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COLUMBIA, Mo. – The technology to make pig-to-human organ transplants possible was pioneered at Mizzou, according to University of Missouri President Mun Choi. They developed gene-edited knock-out pigs that led to the medical advancement.

Randall Prather, PhD, recently published an op-ed in the Baltimore Sun to outline the decades of research that went into the project. They started with this project in 2001.

“In simple terms, our research showed how to remove — or knock out — a molecule on the surface of a pig’s cell. These “knockouts” affect the genes that control for a variety of traits. To develop the technology’s potential, we began with projects that to some may have seemed silly. Through our genetic engineering research, we showed it’s possible to develop bioluminescence in pigs, basically making them emit a low level of light.”

Randall Prather, PhD – Baltimore Sun

Dr. Prather and his team continue their work as leaders in the field of pig genetics. I’m proud to see them so prominently recognized for their accomplishments and to be part of a culture of innovation that makes the impossible possible,” writes University of Missouri President Choi.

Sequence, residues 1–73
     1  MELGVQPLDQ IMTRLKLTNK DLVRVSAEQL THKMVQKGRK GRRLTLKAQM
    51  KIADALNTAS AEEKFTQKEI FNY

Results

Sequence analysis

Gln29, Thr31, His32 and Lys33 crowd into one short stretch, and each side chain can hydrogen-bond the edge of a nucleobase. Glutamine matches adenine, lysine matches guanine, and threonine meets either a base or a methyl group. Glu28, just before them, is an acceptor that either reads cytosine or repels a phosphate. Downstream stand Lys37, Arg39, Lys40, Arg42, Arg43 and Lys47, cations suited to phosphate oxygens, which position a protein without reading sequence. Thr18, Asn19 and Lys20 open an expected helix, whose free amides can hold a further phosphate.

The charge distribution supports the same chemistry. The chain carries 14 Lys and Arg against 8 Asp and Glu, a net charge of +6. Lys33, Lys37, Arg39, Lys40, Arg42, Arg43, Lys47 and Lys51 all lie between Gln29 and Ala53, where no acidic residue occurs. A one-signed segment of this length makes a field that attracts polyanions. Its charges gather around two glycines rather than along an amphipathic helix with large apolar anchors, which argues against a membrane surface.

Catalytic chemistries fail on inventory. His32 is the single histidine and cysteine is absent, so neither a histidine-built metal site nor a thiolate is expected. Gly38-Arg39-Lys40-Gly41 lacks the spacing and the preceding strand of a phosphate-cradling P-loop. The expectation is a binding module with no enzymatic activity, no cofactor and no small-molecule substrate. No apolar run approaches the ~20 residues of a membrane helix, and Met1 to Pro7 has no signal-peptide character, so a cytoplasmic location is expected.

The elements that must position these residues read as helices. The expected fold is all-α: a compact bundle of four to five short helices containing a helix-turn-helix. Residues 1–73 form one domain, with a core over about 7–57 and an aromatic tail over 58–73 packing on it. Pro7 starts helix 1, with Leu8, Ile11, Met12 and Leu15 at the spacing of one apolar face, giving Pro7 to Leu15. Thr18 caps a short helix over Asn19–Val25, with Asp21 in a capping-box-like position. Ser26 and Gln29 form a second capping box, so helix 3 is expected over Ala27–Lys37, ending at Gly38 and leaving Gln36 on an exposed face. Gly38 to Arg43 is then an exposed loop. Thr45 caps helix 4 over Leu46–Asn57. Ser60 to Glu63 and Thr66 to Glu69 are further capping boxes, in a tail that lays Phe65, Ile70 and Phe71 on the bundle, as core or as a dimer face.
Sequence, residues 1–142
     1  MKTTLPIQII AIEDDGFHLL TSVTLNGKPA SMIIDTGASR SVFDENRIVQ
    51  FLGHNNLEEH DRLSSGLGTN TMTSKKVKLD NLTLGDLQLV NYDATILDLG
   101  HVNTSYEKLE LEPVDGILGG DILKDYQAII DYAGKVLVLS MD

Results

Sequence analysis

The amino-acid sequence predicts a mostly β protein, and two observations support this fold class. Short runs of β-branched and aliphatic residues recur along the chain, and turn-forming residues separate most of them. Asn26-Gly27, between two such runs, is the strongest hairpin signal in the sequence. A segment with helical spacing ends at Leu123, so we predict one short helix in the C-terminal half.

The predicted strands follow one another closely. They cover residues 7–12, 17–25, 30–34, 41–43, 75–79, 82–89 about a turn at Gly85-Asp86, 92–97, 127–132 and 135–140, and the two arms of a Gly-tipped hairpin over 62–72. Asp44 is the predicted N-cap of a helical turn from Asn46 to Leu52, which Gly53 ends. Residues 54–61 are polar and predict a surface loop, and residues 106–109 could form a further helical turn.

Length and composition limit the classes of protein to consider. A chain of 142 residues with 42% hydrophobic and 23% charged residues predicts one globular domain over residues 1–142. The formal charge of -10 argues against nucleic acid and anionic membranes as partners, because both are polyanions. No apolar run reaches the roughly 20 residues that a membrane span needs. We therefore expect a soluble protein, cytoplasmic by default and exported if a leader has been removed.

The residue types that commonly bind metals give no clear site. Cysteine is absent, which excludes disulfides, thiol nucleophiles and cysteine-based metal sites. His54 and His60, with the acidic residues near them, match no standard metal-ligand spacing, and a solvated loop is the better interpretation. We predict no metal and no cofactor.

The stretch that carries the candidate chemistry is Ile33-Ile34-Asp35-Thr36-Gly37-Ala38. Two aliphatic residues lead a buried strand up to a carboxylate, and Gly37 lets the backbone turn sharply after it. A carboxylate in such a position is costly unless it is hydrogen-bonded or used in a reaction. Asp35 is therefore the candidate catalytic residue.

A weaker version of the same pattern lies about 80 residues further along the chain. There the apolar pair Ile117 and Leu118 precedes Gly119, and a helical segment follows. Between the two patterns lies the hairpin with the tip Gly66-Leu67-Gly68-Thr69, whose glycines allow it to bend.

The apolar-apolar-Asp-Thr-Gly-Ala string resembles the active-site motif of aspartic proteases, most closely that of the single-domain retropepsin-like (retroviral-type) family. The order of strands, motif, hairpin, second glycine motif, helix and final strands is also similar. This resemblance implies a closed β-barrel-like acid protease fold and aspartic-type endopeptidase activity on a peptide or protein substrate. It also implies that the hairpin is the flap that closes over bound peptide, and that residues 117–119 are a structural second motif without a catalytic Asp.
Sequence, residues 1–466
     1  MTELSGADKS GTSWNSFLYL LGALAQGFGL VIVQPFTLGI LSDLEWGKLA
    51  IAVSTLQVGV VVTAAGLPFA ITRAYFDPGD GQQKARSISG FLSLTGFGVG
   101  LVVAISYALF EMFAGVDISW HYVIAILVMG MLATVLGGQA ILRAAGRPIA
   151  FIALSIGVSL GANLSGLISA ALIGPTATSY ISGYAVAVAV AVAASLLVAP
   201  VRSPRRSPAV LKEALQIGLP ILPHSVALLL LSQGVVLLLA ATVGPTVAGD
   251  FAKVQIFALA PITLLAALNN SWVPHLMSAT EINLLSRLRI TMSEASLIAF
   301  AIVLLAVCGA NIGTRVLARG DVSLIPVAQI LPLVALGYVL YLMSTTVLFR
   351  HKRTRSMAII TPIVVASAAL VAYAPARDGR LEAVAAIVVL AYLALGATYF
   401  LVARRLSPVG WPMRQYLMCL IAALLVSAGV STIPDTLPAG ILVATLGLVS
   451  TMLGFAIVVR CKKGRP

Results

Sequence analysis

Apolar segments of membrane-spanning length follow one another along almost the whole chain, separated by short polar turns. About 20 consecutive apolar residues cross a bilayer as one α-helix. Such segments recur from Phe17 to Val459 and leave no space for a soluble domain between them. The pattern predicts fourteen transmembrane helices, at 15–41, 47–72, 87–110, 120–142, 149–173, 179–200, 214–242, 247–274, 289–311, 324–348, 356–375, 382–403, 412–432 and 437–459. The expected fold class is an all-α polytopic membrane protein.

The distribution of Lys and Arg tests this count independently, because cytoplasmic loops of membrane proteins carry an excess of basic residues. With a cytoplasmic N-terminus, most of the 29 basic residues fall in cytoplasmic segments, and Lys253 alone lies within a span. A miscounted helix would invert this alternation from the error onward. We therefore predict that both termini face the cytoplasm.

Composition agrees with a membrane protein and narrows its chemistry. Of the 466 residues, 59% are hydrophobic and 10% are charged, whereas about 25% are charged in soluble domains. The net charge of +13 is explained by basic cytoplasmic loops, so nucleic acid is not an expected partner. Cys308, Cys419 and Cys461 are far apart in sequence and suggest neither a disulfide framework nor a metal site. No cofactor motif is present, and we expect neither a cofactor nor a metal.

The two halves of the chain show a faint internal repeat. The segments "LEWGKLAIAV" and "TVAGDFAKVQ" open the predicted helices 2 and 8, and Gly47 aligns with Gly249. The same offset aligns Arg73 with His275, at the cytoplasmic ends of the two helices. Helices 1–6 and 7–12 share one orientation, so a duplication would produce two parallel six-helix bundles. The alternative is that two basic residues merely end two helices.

Because of the shortage of human organs donated for transplant, scientists have been trying to figure out how to use animal organs instead. The heart came from a pig that had been genetically modified to make its organs less likely to be rejected by the human body.

The Food and Drug Administration, which oversees such experiments, allowed the surgery under what’s called a “compassionate use” emergency authorization, available when a patient with a life-threatening condition has no other options.